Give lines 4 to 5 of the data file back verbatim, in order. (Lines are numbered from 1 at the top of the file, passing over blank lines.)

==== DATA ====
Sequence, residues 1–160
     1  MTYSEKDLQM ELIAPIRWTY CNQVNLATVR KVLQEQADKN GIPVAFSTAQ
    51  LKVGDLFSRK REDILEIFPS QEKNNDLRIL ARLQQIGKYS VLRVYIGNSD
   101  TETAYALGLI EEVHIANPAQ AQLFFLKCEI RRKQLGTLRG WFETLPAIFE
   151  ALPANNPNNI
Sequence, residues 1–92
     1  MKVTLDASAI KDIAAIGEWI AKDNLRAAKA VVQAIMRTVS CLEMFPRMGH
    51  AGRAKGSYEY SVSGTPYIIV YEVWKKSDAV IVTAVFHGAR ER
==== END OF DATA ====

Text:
   101  TETAYALGLI EEVHIANPAQ AQLFFLKCEI RRKQLGTLRG WFETLPAIFE
   151  ALPANNPNNI